On Thursday 22, Fraser Nelson, the editor of the Spectator, wrote a piece on the Telegraph calling on the Prime Minister not to give in to demands for statutory regulation but to preserve Britain’s “317-year tradition of press freedom”. But his article fumbles the issues of power involved in the question of press regulation.
Nelson’s narrative is that journalists and politicians are at war, with the rebellious energy and noble disrespect of the press corps pitched against politicians eager to clamp down on any criticism:
“Jeremy Paxman tells how he was drawn into the trade after being told that the relationship between a journalist and politician should be that between a dog and lamp post. For generations, the lamp post has put up with this. Now it wants its revenge.”
Later, he echoes Boris Johnson’s claim at a Spectator awards show that Leveson is part of a “battle” that began with the Daily Telegraph’s detonation of the expenses scandal in 2009.
When the dog lies down with the lamp post
The problem with this is that the relationship between the press and politicians is often cosier than it appears. In their book No Expenses Spared, Robert Winnett and Gordon Rayner claim that they almost lost the expenses story to rival papers. The Sun, for example, wanted to “cherry pick” the most high-profile scandals and leave the rest alone, attacking a few individual figures while burying the evidence of endemic abuse. Other newspapers had only been interested in exposing MPs of one party. Some war. Sure enough, investigating collusion between the press and the government has been one of the main thrusts of the Leveson Inquiry. Remember David Cameron’s gift horse? Jeremy Hunt’s special relationship?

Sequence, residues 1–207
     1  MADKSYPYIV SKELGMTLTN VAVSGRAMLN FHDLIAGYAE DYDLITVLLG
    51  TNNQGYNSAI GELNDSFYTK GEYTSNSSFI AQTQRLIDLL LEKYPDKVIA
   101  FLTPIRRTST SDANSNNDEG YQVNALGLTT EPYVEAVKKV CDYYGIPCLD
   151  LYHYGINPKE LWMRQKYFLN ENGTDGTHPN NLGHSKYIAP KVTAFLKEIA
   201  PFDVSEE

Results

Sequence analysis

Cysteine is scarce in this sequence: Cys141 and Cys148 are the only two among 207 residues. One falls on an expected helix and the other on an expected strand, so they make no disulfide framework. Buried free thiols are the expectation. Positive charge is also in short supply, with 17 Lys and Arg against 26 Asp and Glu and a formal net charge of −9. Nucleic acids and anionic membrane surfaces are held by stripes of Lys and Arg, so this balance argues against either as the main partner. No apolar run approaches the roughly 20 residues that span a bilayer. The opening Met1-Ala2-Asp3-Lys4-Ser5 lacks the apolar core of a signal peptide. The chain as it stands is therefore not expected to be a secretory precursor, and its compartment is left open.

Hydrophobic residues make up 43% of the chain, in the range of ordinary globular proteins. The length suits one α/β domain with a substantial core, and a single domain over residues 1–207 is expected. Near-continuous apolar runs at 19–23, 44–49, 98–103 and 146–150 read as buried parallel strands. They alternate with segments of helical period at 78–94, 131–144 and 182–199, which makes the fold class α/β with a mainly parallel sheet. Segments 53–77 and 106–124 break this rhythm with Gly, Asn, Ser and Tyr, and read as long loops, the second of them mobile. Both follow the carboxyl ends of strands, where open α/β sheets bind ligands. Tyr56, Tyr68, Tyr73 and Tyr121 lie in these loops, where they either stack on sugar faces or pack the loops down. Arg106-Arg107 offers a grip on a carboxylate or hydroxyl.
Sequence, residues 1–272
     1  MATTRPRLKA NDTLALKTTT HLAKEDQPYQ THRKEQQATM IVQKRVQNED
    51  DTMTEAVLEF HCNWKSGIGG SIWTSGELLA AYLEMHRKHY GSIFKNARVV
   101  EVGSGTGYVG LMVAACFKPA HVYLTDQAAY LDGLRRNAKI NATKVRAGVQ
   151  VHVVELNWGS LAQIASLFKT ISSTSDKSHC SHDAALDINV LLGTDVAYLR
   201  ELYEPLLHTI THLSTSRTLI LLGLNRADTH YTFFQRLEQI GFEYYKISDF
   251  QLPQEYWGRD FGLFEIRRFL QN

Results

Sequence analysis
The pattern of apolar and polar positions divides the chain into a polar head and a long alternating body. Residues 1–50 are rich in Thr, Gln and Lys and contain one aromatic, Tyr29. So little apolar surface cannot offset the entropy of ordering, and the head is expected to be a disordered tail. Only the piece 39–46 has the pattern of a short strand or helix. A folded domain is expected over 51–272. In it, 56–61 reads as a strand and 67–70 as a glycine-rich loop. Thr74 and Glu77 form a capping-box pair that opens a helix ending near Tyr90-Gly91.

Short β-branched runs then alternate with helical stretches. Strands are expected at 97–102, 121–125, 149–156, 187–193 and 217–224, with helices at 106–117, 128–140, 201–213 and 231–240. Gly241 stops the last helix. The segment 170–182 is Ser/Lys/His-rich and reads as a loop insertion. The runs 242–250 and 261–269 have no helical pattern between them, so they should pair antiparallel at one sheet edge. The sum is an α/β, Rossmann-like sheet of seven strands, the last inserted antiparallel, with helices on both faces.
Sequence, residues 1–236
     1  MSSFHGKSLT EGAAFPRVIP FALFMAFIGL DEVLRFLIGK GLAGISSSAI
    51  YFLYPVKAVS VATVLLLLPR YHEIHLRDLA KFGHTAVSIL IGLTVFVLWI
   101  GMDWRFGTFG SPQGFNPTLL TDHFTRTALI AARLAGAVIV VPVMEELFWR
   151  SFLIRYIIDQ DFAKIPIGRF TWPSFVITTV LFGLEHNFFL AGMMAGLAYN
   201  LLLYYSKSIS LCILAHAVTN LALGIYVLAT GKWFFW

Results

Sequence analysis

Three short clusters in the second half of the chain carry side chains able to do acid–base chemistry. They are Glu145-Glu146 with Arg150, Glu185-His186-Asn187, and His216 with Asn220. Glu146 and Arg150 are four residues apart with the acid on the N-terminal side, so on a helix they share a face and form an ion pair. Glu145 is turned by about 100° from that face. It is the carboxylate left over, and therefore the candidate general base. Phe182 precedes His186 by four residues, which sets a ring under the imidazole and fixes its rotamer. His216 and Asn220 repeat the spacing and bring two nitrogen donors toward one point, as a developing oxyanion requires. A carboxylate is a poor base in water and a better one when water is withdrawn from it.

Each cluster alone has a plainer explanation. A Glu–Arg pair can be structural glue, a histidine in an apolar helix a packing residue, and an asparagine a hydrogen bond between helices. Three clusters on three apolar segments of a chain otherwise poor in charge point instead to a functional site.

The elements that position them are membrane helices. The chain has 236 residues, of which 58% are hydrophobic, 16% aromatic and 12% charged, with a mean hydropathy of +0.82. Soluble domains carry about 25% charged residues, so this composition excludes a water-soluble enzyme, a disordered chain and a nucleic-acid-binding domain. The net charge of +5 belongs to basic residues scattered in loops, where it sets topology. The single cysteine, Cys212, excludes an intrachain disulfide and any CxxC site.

By contrast, the victims of unethical reporting have not been politicians but ordinary people. It was when the parents of murdered girls, the relatives of British soldiers and the survivors of 7/7 victims were revealed among the targets of its intrusion campaign that the real public outcry began. It was also Christopher Jeffries, the landlord who testified at Leveson, who was confined to his home by a witch hunt that eventually drew damages from eight major newspapers.
The powerful and the powerless
The only press bodies being slammed nationwide for attacking a politician are the BBC and the Bureau of Investigative Journalism – because they got it wrong and smeared an innocent man, not because they stood up to power. And, as it happens, the legal establishment is united in its support for journalism which challenges the powerful. It was at Leveson’s request that the Director of Public Prosecutions, Keir Starmer QC, laid out guidelines defining the ‘public interest’ and advising the CPS when not to prosecute journalists who are acting in its service.
That’s why, as our ethics chair Angela Phillips points out, nobody has taken the Telegraph to task for the legal breaches involved in that story – because it’s clearly in the public interest. And note that we at Media Reform propose a watertight statutory public interest defence – so that journalists doing important work aren’t at the mercy of discretionary prosecution.
The Leveson Inquiry exists to protect ordinary people from the power of the press, which it has too often used to exploit the powerless for profit. Editors that conflate justice for citizens with self-preservation for politicians are guilty of what they allege – of trying to keep their power without accepting the responsibility that comes with it.